until the pumping ceases. Sand carried along in the water props open the fracture after pumping stops and the pressure is relieved.000 feet. Shale wells have as many as 25 fracture stages. publicly available estimates of technically recoverable gas for gas shales in West Virginia.000 barrels (420.000 gallons) of water with a pound per gallon of sand. NETL helped to advance foam fracturing technology. The propped fracture is only a fraction of an inch wide. the casing is perforated. These natural fractures can provide pathways for the gas that is present in the rock matrix to flow into the wellbore. and water is pumped under high pressure (thousands of pounds per square inch) through the perforations. coal seams. meaning that more than 10 million gallons of water may be pumped into a single well during the completion process.The Technology How it works Wells are drilled vertically to intersect the shale formations at depths that typically range from 6. Hydraulic fracturing Beginning at the toe of the long horizontal section of the well. NETL’s early contributions In the 1970s. Ohio. segments of the wellbore are isolated.000 feet or more may be drilled and lined with metal casing before the well is ready to be hydraulically fractured. and shortly thereafter completed the first horizontal shale well to employ seven individual hydraulically fractured intervals. and large-volume hydraulic fracturing. Steel casing lines the well and is cemented in place to prevent any communication up the wellbore as the fracturing job is pumped or the well is produced. and tight sandstones. fears of dwindling domestic natural gas supplies spurred DOE researchers to examine alternative sources of natural gas in unconventional reservoirs such as shales. and Kentucky. A portion of this water is flowed back immediately when the fracturing process is completed. for hundreds of feet or more. Shallow formations holding fresh water that may be useful for farming or public consumption are separated from the fractured shale by thousands of feet of rock. In 1975. Horizontal wellbore sections of 5. DOE integrated basic core and geologic data from 35 research wells to prepare the first. These fractures continue to propagate. 5 . and is reused. which can be hundreds of feet thick. Each of these fracturing stages can involve as much as 10. cracking the shale and creating one or more fractures that extend out into the surrounding rock. oriented coring and fractographic analysis. Additional volumes return over time as the well is produced. a DOE-industry joint venture drilled the first Appalachian Basin directional wells to tap shale gas. Above the target depth the well is deviated to achieve a horizontal wellbore within the shale formation. Wells may be oriented in a direction that is designed to maximize the number of natural fractures present in the shale intersected. held open by these sand grains.000 to more than 14.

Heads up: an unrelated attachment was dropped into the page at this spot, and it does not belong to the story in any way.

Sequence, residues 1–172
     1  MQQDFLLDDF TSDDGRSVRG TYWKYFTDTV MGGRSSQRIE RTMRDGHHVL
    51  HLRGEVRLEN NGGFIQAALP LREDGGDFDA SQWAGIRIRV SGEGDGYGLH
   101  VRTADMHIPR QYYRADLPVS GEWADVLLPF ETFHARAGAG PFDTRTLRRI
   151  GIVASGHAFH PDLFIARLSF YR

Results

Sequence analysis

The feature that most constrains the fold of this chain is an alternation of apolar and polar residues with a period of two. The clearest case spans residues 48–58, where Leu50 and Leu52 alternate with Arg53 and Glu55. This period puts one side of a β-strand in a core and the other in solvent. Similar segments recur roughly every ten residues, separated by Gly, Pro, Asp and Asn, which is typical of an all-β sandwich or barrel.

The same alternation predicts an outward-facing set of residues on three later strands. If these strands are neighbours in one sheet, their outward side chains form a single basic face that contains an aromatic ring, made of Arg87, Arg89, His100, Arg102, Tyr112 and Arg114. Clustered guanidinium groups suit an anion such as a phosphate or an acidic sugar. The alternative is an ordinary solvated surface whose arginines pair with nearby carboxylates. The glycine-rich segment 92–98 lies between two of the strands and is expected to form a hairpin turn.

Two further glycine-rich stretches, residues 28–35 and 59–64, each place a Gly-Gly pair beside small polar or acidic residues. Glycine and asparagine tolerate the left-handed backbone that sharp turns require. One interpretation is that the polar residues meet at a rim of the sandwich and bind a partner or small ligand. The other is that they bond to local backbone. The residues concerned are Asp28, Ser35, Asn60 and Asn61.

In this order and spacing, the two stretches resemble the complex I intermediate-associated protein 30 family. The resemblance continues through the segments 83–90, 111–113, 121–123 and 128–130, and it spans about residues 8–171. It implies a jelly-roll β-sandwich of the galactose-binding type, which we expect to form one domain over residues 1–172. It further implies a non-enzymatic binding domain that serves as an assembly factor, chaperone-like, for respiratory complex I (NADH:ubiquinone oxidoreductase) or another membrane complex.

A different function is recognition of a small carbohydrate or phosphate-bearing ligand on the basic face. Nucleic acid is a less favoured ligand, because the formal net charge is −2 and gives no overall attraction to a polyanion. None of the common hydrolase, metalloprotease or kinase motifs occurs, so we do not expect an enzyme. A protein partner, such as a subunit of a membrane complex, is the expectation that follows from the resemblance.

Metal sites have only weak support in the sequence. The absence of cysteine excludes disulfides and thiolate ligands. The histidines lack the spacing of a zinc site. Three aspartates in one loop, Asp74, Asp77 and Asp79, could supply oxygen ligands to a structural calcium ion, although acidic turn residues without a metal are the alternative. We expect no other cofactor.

publicly funded R&D has played an important role. While decades of technological enhancements stand behind the suite of tools and methodologies that make shale gas production possible. NETL continues to manage a suite of research projects focused on increasing the supply of domestic natural gas to the consumer. EQT reports that it is currently producing more than 100 million cubic feet per day (MMcfd) from its Huron wells and believes the resource potential could be as much as 10 Tcf of gas equivalent. has stated that “The Department of Energy was there with research funding when no one else was interested and today we are all reaping the benefits. Halliburton. the industry as a whole did not have a clear vision for producing gas from shales and benefited from DOE involvement and funding of EMT technology… there is a clear line of sight between the initial research project and the commercial EMT service available today. the Gas Research Institute and numerous operators. Global Technology Consultant for Apache Corporation. DOE’s Eastern Gas Shales Research Program “helped expand the DOE researchers gathering data from limits of gas shale production and increased understanding of production mechanisms. chiefly from a loose alliance of the U. Sr.” For example. According to Penn State University’s Dr.” states Dan Gleitman. and coalbed methane helped to catalyze the development of technologies that we are applying today.” Fred Julander of Julander Energy.S. in an environmentally sustainable and increasingly safe manner. George E. a recognized expert on the Marcellus Shale. combined to collectively produce several breakthroughs … horizontal wells. Early DOE R&D in tight gas sands. Director – Intellectual Asset Management. DOE research during the 1980s played a role in the growth of unconventional gas production that is now helping to reduce the price of natural gas to consumers 6 . It is one of the great examples of value-added work led by the DOE. an independent producer in Pittsburgh. Department of Energy. Terry Engelder. states that ”Technology developments in the North American Devonian shale during the late 1970s and proceeding into the 90s. a 36-year independent producer and a member of the National Petroleum Council. PA.Hydraulic fracturing job on Marcellus multi-well pad in Pennsylvania DOE’s important contributions to shale gas development have been recognized by many. King. gas shales. has been developing the Huron Shale in Eastern KY using air drilling technology that relies on electromagnetic telemetry (EMT) to directionally drill horizontal wellbores. EQT. The EMT technology now offered by Sperry Drilling (a Halliburton service line) has its roots in DOE research from the 1980s and 90s. “In the early 1980s. one of a series of cored shale wells in the Appalachian Basin in the early 1980s.” In his recent paper summarizing thirty years of gas shale fracturing. multi-stage fracturing and slick water fracturing.